NYT Op-Ed: Writing Tips

The August 25, 2017 op-ed columnist, Bret Stephens, offered an article entitled, Tips for Aspiring Op-Ed Writers.  There are 15 tips worth considering.

A few to pay attention to when writing:

  • “every sentence has to count in grabbing the reader’s attention, starting with the first”
  • “Authority matters.”
  • “Avoid the passive voice.”
  • “Keep your sentences short and your paragraphs tight.”
  • “Kill the clichés.”

Women’s Human Rights Education Institute

If you are interested in becoming a Human Rights educator, looking into the International Human Rights Training Programs offered by the Women’s Human Rights Education Institute might be a next step for you.

From its webpage: “The Women’s Human Rights Institute helps participants develop a practical understanding of the UN Human Rights system and learn how to apply a women’s human rights framework to a multiplicity of issues. Participants will develop practical facilitation skills to help them become human rights educators in their own regions and organizations.”

New student resource – FREE!!

Here’s info courtesy of UBC Press.  It’s a freebie!!

UBC Press is excited to offer a new student resource, How to Succeed at University (and Get a Great Job): Mastering the Critical Skills You Need for School, Work, and Life, FREE for download at www.ubcpress.ca/oncampus.

In this lively, highly accessible guide, York University Professors Thomas R. Klassen and John A. Dwyer answer the questions students have about succeeding in their courses and their post-secondary careers. They argue that the best preparation for success in life and on the job are by mastering the skills needed at university. This book will help students:

  • Develop strong communication skills (writing, speaking, and listening)
  • Select their courses and choose a program
  • Organize and manage their time
  • Sharpen their critical thinking skills
  • Write good essays and prepare for exams
  • Take better notes in class
  • Become an active reader and listener

The book is also available in print.

SoSc Grad Info Night, Nov 12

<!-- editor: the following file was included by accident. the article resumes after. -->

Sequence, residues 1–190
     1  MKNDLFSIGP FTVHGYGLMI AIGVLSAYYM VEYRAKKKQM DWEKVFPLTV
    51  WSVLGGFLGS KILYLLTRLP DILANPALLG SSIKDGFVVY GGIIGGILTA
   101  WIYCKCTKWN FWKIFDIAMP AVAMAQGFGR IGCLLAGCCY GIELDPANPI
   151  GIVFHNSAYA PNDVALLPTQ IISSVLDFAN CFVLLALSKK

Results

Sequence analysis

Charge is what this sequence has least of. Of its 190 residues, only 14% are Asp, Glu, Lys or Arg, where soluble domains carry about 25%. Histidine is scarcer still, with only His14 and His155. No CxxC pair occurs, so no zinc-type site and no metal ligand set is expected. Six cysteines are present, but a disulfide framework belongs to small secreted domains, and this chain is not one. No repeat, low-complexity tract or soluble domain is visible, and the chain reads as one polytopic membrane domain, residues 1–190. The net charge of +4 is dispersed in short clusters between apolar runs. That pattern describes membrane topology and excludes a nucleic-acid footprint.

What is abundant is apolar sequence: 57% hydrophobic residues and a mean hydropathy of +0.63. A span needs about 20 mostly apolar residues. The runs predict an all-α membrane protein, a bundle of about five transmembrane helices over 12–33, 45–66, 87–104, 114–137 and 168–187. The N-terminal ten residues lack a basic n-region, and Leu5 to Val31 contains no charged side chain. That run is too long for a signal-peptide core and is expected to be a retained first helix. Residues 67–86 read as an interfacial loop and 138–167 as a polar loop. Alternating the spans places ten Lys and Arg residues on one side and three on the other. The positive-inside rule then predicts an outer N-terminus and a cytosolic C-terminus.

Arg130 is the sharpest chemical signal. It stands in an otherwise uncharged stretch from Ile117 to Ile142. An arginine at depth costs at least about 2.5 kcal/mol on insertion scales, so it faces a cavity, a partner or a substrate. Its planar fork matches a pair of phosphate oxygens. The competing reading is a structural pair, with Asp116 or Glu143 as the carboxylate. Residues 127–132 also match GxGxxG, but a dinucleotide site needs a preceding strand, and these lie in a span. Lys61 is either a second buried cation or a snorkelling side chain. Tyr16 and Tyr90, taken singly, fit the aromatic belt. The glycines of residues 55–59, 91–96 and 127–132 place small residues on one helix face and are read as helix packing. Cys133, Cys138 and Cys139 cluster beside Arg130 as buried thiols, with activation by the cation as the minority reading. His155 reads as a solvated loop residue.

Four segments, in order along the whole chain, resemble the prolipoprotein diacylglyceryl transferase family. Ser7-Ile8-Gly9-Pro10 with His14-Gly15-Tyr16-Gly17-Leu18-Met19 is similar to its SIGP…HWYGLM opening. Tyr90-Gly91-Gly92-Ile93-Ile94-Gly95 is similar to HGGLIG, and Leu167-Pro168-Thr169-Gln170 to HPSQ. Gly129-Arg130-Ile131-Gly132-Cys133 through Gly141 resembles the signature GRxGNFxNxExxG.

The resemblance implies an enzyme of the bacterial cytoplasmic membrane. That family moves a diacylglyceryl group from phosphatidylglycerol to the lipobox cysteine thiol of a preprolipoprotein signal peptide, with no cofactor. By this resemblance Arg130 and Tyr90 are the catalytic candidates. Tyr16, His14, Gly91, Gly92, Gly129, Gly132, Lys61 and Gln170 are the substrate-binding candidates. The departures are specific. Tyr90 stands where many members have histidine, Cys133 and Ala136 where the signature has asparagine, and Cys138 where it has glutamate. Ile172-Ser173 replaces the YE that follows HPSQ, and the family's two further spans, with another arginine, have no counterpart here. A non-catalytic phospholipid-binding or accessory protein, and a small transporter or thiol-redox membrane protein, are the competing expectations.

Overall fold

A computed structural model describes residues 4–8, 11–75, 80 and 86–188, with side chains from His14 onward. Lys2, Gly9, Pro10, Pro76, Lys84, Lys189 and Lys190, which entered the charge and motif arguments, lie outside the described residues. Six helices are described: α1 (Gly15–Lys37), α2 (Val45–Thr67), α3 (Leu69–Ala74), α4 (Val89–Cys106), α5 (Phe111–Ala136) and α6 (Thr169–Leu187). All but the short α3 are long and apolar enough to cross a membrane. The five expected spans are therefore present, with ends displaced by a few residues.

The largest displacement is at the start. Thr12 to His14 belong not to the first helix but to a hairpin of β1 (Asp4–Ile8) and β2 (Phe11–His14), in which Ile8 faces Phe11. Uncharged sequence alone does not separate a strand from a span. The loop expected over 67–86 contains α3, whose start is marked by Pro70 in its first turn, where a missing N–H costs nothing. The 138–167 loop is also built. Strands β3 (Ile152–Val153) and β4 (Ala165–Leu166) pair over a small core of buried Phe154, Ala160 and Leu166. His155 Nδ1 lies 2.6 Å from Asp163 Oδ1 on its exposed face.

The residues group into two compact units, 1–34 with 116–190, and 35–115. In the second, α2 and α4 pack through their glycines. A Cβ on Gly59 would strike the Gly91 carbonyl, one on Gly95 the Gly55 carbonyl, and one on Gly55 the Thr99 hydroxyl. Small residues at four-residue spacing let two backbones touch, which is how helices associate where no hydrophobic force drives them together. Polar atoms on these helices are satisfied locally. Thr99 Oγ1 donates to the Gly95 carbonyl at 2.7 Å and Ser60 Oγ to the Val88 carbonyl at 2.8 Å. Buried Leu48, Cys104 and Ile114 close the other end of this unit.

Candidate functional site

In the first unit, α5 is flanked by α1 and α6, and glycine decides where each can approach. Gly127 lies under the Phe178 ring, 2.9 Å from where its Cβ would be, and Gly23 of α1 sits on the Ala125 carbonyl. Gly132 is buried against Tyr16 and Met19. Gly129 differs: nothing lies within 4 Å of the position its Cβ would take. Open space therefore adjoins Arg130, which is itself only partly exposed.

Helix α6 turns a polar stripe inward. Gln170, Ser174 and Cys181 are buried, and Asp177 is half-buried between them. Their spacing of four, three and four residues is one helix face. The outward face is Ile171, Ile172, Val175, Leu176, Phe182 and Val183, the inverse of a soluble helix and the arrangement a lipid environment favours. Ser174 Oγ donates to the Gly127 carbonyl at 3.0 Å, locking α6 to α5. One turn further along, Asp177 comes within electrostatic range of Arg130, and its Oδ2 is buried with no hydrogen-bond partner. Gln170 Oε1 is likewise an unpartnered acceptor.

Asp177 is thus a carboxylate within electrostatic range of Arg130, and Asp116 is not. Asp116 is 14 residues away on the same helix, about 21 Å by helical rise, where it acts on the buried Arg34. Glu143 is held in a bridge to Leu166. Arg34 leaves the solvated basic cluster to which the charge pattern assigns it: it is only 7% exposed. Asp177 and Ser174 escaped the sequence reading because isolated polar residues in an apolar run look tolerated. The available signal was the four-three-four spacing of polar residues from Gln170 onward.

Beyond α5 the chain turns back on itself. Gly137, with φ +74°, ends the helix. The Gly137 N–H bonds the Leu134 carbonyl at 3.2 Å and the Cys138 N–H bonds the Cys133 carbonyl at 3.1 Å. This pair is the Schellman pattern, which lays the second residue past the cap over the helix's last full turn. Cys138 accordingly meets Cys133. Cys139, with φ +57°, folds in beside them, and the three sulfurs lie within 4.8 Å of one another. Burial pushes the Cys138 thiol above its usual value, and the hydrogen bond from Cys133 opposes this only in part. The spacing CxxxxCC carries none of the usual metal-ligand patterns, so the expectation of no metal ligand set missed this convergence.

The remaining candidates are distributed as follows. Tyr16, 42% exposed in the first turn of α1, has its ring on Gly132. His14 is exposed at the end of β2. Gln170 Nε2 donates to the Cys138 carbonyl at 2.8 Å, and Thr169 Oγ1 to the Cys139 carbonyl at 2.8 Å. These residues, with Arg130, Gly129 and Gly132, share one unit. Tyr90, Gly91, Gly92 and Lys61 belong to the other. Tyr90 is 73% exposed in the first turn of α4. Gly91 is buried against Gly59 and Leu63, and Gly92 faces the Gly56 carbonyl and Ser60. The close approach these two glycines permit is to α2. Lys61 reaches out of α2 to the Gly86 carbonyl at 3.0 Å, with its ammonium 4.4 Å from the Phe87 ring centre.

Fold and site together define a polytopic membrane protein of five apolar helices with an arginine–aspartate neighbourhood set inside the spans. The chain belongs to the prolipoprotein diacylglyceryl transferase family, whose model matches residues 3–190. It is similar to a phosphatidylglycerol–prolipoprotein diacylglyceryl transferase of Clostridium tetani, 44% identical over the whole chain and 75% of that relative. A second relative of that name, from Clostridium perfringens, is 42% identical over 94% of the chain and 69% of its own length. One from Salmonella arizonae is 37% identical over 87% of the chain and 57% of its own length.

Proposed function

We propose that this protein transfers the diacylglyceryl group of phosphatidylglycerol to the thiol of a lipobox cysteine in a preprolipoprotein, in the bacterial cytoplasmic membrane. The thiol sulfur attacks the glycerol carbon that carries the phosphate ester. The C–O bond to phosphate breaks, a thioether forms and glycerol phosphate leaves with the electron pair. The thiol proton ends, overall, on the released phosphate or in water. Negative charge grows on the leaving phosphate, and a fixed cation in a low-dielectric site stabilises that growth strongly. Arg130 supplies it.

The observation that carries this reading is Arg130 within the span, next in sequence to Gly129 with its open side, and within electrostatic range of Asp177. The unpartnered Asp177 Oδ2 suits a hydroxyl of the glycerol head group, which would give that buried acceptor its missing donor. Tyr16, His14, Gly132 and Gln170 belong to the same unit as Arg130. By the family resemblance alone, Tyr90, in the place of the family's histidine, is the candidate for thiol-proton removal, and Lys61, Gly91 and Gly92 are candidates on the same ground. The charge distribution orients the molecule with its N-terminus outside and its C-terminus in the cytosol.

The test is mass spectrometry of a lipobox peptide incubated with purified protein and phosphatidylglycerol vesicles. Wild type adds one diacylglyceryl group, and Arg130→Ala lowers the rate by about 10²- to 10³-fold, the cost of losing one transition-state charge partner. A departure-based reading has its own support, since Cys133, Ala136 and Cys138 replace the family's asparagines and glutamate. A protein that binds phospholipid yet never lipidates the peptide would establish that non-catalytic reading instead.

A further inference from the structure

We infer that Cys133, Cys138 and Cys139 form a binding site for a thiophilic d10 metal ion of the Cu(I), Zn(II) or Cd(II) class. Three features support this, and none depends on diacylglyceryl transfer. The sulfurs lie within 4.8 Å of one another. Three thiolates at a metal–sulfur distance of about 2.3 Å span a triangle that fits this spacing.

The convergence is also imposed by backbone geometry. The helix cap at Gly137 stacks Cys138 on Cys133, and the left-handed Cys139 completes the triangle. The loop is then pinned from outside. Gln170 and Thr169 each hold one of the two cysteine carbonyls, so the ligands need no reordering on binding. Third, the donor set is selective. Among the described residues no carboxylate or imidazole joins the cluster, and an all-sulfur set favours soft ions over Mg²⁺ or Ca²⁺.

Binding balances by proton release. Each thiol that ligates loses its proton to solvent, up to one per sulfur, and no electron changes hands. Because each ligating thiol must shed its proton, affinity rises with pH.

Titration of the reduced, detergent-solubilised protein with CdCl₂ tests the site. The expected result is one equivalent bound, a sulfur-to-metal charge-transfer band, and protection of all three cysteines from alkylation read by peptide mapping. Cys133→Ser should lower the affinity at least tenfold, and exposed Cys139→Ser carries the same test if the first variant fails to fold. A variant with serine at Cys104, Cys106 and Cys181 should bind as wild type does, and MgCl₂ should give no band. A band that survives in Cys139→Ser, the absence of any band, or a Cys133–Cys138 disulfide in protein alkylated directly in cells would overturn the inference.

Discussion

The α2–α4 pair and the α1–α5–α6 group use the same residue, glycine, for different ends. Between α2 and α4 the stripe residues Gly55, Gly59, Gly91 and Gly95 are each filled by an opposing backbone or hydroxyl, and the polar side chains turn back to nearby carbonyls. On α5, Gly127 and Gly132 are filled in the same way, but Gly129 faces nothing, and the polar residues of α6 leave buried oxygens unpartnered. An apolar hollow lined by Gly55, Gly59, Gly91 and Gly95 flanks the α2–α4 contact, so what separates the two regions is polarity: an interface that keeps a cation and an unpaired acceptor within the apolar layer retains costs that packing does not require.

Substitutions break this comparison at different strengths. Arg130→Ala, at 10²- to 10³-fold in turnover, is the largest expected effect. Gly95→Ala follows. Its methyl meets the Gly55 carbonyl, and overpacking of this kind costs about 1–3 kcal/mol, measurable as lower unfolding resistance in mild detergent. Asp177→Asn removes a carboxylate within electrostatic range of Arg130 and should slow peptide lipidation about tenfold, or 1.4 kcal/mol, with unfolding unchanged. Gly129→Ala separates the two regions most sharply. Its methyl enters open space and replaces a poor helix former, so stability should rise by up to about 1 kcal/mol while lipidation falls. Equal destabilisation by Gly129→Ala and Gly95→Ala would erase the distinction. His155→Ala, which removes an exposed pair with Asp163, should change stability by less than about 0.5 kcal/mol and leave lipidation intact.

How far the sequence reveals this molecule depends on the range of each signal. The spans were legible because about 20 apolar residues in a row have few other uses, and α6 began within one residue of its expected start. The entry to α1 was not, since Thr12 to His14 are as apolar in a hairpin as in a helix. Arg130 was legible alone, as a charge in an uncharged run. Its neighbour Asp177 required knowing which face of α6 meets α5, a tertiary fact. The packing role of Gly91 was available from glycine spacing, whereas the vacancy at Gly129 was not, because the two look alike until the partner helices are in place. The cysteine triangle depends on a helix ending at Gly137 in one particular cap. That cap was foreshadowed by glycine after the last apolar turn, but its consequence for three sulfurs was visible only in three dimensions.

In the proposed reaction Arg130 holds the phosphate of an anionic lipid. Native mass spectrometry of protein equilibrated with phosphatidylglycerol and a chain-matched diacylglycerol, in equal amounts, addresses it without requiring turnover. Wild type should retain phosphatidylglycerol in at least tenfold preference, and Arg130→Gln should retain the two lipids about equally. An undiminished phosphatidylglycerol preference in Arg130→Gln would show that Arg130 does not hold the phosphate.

The Sociology Students’ Union is organizing a Social Sciences Graduate Information Night.

WHEN: November 12 from 6:00 PM to 8:00 PM.
WHERE: Building 355, Room 211 (the lounge), Nanaimo campus.

The event is multidisciplinary with faculty representation from SoSc departments.

Pizza will be available from 5:30 PM and participants will be seated for the event to begin at 6:00 PM. Introductions (5-minutes each) by various instructors will include mention of credentials, graduate and work experience, etc.

Developing a skill set

Wondering about finding that dream job; well besides your degree, you need a particular skill set.  These can be developed through the courses taken but also through volunteering.

Below is a list of the requisites for a position, entitled, Civic Engagement Associate.  I’ve selected this as an example since, quite often, there are students seeking employment with an NGO.  Some of the particulars are related to the organisation itself but you can generalise how certain criteria are applied.

  • Strong cross-sectional analysis around civil rights issues related to civic engagement activities (including naturalization process and voter mobilization), race relations, immigration, economic development, access to institutional and non-institutional resources and hate crimes within the framework of these issues impacting specific communities.
  • A proven track record of successful community or labor organizing or at least 3 years leading campaigns.
  • History of demonstrated experience in leading community based advocacy efforts within culturally diverse communities.
  • Ability to work collaboratively and independently to provide hands-on project management through all phases of project development process:  Research, planning (development of time-lines, work plans, and budget), implementation, tracking, and evaluation.
  • Experience with presentation, facilitation and training to small as well as large groups.
  • Demonstrated ability to write in an accurate, concise, and audience appropriate manner on complex public policy issues.
  • Serve as the primary staff liaison and support to the advisory groups for each of the projects/programs assigned.

Additional desired qualifications:

  • At minimum, undergraduate degree in political science, sociology, psychology, anthropology, a related field, or commensurate experience.
  • Strong public speaking and presentation skills.
  • Strong organization and time management skills.

Writing, speaking publicly, and critical analysis are all found in the classroom, including the ‘dreaded’ group work.  Since some jobs, like this, ask for a proven track record, this is where volunteerism comes into play.  Also remember that you will be asked for referees.  In this particular case, FOUR professional references and two personal were requested. This means you need to develop relationships with those who will vouch for your expertise/skill set.  You don’t have to be best buddies with your professor but s/he should know you well enough to remember who you are and something about your interests and abilities.